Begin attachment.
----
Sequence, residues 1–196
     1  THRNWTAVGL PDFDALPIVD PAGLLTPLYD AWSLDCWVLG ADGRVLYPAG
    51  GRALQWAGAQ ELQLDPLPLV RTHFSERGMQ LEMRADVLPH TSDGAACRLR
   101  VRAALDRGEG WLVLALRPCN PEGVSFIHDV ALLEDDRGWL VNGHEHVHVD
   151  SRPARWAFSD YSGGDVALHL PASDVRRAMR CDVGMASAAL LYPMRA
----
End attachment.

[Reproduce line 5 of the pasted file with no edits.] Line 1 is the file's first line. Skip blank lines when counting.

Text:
   151  SRPARWAFSD YSGGDVALHL PASDVRRAMR CDVGMASAAL LYPMRA